Heart of England to Heimdall

Heart of England (The), Warwickshire, the Middle county.

That shire which we “The Heart of England” call.
   —Drayton: Polyolbion, xiii. (1613).

Heart of Midlothian, the old jail or tolbooth of Edinburgh, taken down in 1817.

Sir Walter Scott has a novel so called (1818), the plot of which is as follows:— Effie Deans, the daughter of a Scotch cow-feeder, is seduced by George Staunton, son of the rector of Willingham; and Jeanie is cited as a witness on the trial which ensues, by which Effie is sentenced to death for child-murder. Jeanie promises to go to London and ask the king to pardon her half-sister, and, after various perils, arrives at her destination. She lays her case before the duke of Argyll, who takes her in his carriage to Richmond, and obtains for her an interview with the queen, who promises to intercede with his majesty (George II.) on her sister’s behalf. In due time the royal pardon is sent to Edinburgh, Effie is released, and marries her seducer, now sir George Staunton; but soon after the marriage sir George is shot by a gipsy boy, who is in reality his illegitimate son. On the death of her husband, lady Staunton retires to a convent on the Continent. Jeanie marries Reuben Butler the presbyterian minister. The novel opens with the Porteous riots.

Heartall (Governor), an old bachelor, peppery in temper, but with a generous heart and unbounded benevolence. He is as simple-minded as a child, and loves his young nephew almost to adoration.

Frank Heartall, the governor’s nephew; impulsive, free-handed, and free-hearted, benevolent and frank. He falls in love with the Widow Cheerly, the daughter of colonel Woodley, whom he sees first at the opera. Ferret, a calumniating rascal, tries to do mischief, but is utterly foiled. —Cherry: The Soldier’s Daughter (1804).

Heartfree (Jack), a railer against women and against marriage. He falls half in love with lady Fanciful, on whom he rails, and marries Belinda.—Vanbrugh: The Provoked Wife (1693).

Hearth Tax (The), 1662, a tax of two shillings for every stove and fire-hearth, payable on the feast of St. Michael and the feast of “the Blessed Virgin Mary” (13, 14 Car. II. Cap. 20). Repealed in 1689 by William III.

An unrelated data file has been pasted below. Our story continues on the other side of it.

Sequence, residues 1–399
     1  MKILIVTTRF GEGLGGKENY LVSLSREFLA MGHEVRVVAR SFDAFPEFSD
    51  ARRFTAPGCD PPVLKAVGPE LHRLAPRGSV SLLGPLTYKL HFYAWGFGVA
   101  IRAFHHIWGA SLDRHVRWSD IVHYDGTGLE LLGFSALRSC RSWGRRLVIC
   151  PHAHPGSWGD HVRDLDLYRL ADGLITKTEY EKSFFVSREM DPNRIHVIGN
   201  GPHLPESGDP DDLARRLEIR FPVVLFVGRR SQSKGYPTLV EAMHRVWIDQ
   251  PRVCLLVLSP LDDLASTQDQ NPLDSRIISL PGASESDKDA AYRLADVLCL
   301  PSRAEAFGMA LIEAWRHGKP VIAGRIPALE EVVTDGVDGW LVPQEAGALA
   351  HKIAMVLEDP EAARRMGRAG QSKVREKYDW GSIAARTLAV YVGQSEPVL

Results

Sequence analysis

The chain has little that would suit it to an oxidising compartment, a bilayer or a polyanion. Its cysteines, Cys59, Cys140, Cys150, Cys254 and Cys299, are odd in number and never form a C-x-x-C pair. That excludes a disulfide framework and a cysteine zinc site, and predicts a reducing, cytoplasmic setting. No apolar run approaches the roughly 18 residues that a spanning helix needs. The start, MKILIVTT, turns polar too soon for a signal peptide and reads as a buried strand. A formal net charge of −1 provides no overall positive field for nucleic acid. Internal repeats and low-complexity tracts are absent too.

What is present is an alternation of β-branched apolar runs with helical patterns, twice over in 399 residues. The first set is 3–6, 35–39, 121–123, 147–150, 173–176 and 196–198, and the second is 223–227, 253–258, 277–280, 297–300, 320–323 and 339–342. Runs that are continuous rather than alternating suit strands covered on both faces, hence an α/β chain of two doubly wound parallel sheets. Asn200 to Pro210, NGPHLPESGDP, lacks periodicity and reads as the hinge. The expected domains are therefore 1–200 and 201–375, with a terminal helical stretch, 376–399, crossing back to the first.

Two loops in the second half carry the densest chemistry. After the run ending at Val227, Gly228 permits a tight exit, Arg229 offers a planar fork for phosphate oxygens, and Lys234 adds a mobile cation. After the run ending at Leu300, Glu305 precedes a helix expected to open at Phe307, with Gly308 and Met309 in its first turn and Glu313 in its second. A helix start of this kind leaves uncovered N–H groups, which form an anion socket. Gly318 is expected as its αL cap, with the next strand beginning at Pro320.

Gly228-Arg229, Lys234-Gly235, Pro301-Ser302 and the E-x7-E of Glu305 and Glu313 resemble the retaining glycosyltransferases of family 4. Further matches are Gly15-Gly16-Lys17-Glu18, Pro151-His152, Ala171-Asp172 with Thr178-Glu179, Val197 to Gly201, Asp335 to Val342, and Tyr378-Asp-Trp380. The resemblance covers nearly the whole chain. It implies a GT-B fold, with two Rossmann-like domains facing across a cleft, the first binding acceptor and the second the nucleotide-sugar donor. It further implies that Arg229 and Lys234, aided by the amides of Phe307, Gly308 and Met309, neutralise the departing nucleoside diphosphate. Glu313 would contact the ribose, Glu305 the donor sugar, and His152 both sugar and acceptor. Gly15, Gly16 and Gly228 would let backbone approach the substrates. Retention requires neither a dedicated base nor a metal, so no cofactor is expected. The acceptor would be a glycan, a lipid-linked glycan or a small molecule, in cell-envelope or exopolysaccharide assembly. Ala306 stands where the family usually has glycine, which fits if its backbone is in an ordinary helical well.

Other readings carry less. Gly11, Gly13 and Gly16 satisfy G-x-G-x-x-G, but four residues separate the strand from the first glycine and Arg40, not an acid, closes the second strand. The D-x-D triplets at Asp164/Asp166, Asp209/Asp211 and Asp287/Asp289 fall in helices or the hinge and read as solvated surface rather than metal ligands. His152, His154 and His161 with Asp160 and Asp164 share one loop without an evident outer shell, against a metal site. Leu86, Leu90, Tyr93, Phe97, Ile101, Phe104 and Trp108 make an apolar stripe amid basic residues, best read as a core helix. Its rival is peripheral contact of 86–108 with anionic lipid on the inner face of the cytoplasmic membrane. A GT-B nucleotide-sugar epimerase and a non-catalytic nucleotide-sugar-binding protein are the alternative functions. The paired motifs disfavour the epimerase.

Heartwell, Modely’s friend. He falls in love with Flora, a niece of old Farmer Freehold. They marry, and are happy.—J.P.Kemble: The Farm-house.

Heathen Chinee (The), a humorous poem by Bret Harte, an American humourist. It begins thus—

Which I wish to remark.—
And my language is plain,—
That for ways that are dark,
And for ways that are vain,
The heathen Chinee is peculiar.
Which the same I would rise to explain.
   —Bret Harte: The Heathen Chinee (1870).

Heatherblutter (John), gamekeeper of the baron of Bradwardine at Tully Veolan.—Sir W. Scott: Waverley (time, George II.).

Heaven, acc ording to Dantê, begins from the top of mount Purgatory, and rises upwards through the seven planetary spheres, the sphere of the fixed stars, the primum mobilê, and terminates with the empyreum, which is the seat of God. (See Paradise.) Milton preserves the same divisions. He says, “they who to be sure of paradise, dying put on the garb of monks”—

… pass the planets seven, and pass the “fixt,”
And that crystallin sphere whose balance weighs
The trepidation talked, and that first moved…and
At foot of heaven’s ascent they lift their feet, when to!
A violent cross wind … blows them…awry
Into the devious air.
   —Milton: Paradise Lost, iii. 481, etc.(1665).

Heaven and Earth (A Mystery), a dramatic poem by lord Byron (1822), founded on the text—

  By PanEris using Melati.

Previous chapter Back Home Email this Search Discuss Bookmark Next chapter/page
Copyright: All texts on Bibliomania are © Bibliomania.com Ltd, and may not be reproduced in any form without our written permission.
See our FAQ for more details.